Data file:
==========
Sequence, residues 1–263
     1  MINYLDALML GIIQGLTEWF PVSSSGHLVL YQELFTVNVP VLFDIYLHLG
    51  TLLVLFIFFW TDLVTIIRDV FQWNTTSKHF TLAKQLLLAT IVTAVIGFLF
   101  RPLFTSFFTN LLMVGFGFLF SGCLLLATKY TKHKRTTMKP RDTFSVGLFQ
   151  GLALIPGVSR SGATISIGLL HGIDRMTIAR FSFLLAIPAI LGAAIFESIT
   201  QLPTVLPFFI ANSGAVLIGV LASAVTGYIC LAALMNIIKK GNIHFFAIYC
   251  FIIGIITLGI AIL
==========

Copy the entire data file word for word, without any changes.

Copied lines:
Sequence, residues 1–263
     1  MINYLDALML GIIQGLTEWF PVSSSGHLVL YQELFTVNVP VLFDIYLHLG
    51  TLLVLFIFFW TDLVTIIRDV FQWNTTSKHF TLAKQLLLAT IVTAVIGFLF
   101  RPLFTSFFTN LLMVGFGFLF SGCLLLATKY TKHKRTTMKP RDTFSVGLFQ
   151  GLALIPGVSR SGATISIGLL HGIDRMTIAR FSFLLAIPAI LGAAIFESIT
   201  QLPTVLPFFI ANSGAVLIGV LASAVTGYIC LAALMNIIKK GNIHFFAIYC
   251  FIIGIITLGI AIL